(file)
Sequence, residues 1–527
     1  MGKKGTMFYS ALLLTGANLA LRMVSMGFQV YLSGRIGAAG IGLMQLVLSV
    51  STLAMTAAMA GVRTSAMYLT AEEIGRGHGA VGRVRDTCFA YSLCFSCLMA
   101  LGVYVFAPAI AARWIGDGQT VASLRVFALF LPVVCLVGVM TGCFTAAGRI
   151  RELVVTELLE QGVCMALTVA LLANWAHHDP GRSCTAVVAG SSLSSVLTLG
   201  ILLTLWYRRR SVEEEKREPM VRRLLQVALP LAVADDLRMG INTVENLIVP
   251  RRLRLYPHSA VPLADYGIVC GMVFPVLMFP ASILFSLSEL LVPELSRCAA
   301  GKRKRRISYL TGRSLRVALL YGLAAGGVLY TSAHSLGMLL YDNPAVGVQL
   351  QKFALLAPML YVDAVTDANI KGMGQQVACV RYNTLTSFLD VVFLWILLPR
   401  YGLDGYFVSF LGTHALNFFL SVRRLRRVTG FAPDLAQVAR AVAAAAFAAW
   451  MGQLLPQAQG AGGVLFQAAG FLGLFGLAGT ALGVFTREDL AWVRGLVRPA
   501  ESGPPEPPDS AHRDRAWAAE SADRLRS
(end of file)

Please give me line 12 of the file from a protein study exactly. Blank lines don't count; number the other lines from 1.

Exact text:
   501  ESGPPEPPDS AHRDRAWAAE SADRLRS